MONZA, Italy (AP) - David Ward has stepped up his bid to become motorsports president by proposing a range of reforms to strengthen the ``effectiveness and accountability'' of the governing body.
After recently resigning from his longstanding position as director general of the FIA foundation, Ward announced last month that he will challenge current International Automobile Federation President Jean Todt in the Dec. 2-6 election in Paris.
Todt has been president since 2009 and has until late October to officially confirm he will run for a new four-year term.
Ward sent a letter to the presidents of all the FIA member clubs entitled ``Agenda for Change.'' It was published Friday on his campaign website and proposed 20 reforms.
``Jean Todt's presidency has solid achievements to highlight and I am still proud to have played a key role in his successful 2009 election,'' Ward said. ``However, that does not mean that further change isn't necessary to ensure that the FIA develops a governance system that meets global best practices.''
The proposed reforms include appointing a chief executive - hired through an open recruitment policy and on a fixed-term contract - and setting up a new management board and a supervisory board.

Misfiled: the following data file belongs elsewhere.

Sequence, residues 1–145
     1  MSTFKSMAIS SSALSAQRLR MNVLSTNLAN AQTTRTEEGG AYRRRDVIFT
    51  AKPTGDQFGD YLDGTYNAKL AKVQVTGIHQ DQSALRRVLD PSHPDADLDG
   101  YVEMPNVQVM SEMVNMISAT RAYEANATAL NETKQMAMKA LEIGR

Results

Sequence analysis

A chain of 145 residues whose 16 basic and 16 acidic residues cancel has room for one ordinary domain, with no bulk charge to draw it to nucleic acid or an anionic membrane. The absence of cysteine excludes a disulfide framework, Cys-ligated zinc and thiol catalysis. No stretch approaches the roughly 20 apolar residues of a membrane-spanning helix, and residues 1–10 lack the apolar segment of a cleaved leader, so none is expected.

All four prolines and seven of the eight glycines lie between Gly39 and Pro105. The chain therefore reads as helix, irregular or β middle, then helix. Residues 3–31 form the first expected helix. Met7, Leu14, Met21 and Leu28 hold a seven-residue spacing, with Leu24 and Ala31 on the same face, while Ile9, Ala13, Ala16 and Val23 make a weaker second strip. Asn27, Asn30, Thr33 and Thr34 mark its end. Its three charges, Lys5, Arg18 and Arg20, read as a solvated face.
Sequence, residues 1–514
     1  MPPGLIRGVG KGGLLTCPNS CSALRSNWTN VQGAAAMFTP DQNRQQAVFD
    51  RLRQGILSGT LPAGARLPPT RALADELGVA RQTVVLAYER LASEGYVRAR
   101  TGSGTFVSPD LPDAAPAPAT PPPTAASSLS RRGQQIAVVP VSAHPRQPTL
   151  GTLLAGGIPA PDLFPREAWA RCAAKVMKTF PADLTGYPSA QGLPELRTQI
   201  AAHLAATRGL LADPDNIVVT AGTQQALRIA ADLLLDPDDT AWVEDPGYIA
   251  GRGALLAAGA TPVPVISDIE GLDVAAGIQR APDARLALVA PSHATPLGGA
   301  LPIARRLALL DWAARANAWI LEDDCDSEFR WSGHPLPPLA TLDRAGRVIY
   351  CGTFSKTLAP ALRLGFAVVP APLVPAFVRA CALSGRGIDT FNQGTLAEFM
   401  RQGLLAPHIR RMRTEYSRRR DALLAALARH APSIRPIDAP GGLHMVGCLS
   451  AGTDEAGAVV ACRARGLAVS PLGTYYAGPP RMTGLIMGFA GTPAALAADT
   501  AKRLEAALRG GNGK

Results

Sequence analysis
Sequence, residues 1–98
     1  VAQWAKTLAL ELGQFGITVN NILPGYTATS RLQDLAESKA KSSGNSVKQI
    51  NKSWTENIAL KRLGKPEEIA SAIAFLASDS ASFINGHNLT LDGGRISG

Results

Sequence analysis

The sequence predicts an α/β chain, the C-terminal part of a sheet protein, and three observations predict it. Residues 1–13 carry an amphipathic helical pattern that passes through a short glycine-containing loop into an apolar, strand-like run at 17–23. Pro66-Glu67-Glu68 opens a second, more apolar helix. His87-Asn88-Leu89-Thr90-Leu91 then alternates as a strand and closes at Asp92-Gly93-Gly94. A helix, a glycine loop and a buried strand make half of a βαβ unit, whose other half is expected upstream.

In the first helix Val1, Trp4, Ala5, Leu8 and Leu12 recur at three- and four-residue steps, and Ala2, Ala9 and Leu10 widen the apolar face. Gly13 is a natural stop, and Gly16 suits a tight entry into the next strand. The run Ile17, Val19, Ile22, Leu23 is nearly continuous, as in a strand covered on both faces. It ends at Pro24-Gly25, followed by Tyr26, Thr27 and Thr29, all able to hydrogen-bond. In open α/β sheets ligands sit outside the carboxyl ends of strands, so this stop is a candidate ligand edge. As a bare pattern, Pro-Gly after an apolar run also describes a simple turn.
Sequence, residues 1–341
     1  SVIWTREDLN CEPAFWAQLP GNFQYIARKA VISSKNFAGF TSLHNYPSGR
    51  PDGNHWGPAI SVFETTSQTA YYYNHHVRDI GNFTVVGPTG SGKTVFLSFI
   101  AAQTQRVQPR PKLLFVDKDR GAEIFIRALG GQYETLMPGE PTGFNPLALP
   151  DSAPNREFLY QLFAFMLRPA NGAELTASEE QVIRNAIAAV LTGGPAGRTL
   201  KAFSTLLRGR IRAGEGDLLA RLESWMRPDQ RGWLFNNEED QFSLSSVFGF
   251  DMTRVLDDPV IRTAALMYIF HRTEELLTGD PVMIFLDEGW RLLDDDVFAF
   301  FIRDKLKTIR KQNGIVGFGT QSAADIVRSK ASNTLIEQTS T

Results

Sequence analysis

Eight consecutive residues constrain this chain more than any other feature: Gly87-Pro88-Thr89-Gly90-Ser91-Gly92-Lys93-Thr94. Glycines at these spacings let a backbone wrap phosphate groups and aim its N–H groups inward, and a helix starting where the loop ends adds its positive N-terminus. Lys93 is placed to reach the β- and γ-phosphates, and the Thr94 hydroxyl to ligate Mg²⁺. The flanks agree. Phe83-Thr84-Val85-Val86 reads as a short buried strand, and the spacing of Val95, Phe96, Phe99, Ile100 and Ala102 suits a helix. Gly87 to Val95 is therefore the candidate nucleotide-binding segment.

The 56-year-old Briton also suggests limiting the term of the FIA president to two terms as well as introducing cost controls to enable higher levels of investment.
Ward says Todt has ``fallen short'' on what he proposed in his election four years ago, and that there is still ``work to be done'' to make the organization more accountable.
``The FIA can give the impression of being antiquated and autocratic. The powers of the presidency are too wide to be effective or fully accountable. In some areas the trend for reform has been reversed,'' Ward said. ``For example, the maximum possible period in office for the president has been extended from eight years to 12. The threshold for nominations for presidential candidates has been set high, which favors the incumbent and deters other candidates.''
If elected, Ward pledges to ``ensure equal treatment to all candidates and ban any pre-election period support letters.''
Under his stewardship, Ward said, he would aim to ``reduce overheads, avoid waste, and reduce travel expenditure'' and ``adopt a policy against bribery and corruption to the latest international standards and amend the ethics code accordingly.''
Ward was formerly an aide to former president Max Mosley and worked as an adviser to former Labor Party leader John Smith. He is also the executive secretary of the independent Commission for Global Road Safety and represents FIA in the United Nations Road Safety Collaboration.